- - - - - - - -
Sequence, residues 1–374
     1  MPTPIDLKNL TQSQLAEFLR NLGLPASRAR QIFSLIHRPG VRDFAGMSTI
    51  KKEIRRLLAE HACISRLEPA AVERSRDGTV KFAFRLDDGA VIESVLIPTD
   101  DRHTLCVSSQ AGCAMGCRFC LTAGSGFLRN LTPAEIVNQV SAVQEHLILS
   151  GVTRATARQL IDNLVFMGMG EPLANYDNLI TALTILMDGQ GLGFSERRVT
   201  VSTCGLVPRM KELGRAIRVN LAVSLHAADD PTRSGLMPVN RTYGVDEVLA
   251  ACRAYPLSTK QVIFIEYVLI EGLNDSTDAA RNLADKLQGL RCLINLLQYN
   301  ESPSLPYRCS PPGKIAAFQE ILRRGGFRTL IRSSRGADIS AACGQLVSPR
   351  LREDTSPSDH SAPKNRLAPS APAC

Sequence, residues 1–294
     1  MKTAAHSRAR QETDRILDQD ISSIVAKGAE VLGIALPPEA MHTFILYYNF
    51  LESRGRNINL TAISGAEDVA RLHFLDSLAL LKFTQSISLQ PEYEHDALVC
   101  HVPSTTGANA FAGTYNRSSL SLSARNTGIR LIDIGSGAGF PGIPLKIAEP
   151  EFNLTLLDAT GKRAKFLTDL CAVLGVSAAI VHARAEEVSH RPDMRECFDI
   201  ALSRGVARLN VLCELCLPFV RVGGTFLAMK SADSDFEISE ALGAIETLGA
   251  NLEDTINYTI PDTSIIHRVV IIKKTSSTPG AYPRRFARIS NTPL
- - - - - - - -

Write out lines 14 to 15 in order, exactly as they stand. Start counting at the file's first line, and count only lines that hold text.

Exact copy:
   151  EFNLTLLDAT GKRAKFLTDL CAVLGVSAAI VHARAEEVSH RPDMRECFDI
   201  ALSRGVARLN VLCELCLPFV RVGGTFLAMK SADSDFEISE ALGAIETLGA